LAS VEGAS (KLAS) — Exploring Mars might be a dream for students interested in careers in space. For Libby Hausrath, it’s an exciting point on a career path she chose years ago.

Hausrath, a UNLV geoscientist, helps to decide what the Mars Perseverance rover examines as it pokes along its path through the Jezero Crater, where the rover landed on Feb. 18, 2021, after about seven months in space. She also has a voice in what Perseverance collects along the way — hard decisions when there are only 38 tubes to store the samples that will be brought back to Earth in 2033. And 18 of those tubes are already full.

“I really am so excited by different aspects of what I am lucky enough to get to do,” Hausrath said in a Wednesday interview. “It’s just a super thrill to — along with the other members of the science team — be able to point to a spot and say, ‘Oh, you know, I would like to measure that spot.’ “

Perseverance is currently getting ready to leave the crater to move on to other areas on the planet’s surface. “The goal is for the rover to drive up onto the delta pretty shortly, but we are still in Jezero crater studying it,” Hausrath said.

Hausrath, who is currently on sabbatical from UNLV as she devotes all her time to the exploration, is looking for biosignatures — signs of possible past microbial life on Mars. The crater is an ideal place to look for those signs.

The importance of water

“One of the things that has been really interesting is the different pieces of evidence indicating interactions with water,” she said. “Of course, water is necessary for a habitable environment. And so finding the different preserved signatures of past water is really interesting for understanding the past history of Mars in this location.”

Helping guide a mission on Mars is a long journey for a kid from Idaho, but Hausrath started along the path when she saw the work of another Mars exploration as a grad student.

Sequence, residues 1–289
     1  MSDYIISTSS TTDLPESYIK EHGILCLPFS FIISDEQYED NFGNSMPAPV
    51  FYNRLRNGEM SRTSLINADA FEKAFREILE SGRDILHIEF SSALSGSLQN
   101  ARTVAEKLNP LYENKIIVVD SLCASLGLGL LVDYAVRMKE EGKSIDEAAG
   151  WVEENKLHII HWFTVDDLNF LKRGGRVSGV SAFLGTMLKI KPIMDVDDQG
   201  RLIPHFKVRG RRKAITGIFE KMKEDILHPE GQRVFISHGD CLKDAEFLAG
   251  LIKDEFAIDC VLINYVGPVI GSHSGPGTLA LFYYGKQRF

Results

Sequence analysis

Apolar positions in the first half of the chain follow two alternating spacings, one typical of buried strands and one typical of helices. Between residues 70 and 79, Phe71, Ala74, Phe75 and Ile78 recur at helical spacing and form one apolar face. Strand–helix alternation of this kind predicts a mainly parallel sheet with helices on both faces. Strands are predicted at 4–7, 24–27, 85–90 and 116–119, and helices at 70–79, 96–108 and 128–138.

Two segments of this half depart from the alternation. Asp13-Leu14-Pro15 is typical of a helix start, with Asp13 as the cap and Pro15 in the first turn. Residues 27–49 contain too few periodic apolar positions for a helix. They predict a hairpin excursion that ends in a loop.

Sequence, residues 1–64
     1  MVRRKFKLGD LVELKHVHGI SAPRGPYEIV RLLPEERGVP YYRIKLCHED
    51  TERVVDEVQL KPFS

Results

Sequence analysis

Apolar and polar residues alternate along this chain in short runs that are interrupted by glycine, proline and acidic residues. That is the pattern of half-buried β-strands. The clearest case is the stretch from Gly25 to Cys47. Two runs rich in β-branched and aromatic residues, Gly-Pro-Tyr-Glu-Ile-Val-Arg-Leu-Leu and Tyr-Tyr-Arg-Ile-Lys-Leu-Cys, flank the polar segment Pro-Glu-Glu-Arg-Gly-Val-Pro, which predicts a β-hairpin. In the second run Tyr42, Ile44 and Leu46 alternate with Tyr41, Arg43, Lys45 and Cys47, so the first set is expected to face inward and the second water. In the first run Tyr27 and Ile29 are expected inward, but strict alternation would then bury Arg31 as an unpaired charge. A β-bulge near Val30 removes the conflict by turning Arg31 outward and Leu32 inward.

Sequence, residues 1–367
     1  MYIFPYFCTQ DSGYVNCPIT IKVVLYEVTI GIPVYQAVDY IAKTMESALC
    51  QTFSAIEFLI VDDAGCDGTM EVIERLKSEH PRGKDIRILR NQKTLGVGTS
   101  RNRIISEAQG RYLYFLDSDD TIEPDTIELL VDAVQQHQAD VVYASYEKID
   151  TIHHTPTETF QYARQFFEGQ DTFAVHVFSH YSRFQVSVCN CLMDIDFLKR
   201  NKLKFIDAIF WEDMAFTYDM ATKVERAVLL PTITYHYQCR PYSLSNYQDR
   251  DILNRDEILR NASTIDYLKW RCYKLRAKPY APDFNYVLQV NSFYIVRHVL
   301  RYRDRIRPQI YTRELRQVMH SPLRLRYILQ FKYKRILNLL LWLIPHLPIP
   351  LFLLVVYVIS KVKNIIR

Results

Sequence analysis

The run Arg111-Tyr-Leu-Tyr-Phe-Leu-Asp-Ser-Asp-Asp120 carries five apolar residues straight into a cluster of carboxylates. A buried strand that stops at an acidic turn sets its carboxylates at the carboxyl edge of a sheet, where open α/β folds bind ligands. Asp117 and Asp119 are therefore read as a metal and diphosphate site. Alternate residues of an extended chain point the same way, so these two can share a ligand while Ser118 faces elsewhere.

“I was in grad school working on aqueous geochemistry — so, water-rock interactions — when the MER rovers landed and they sent back these data showing evidence of past liquid water on Mars,” she remembers. “And so my advisor and I got interested in this and we actually co-wrote a grant proposal to NASA that funded the rest of my Ph.D.”

Libby Hausrath, a UNLV geoscientist, is working on the team that’s making decisions about what to collect as the Mars rover Perseverance explores the surface. (KLAS-TV)

From there, she did her post-doctoral work at Johnson Space Center in Houston.

And if the 2004 MER project fueled her interest in a space career, Hausrath sees how Perseverance could inspire a new generation of scientists and engineers. She has shared her experience with UNLV students, who have been able to participate in the exploration. She has also been a Nevada STEM mentor.

UNLV students participating

“Students from UNLV are included on the mission, and so that’s a great opportunity for them,” she said. “And when the samples come back they’ll be available to people who are students now to work on.”

“It’s very exciting to be working on a project that is so forward-looking in terms of the return samples and what learning more about Mars and the samples can do to help us prepare for human exploration of Mars,” she said.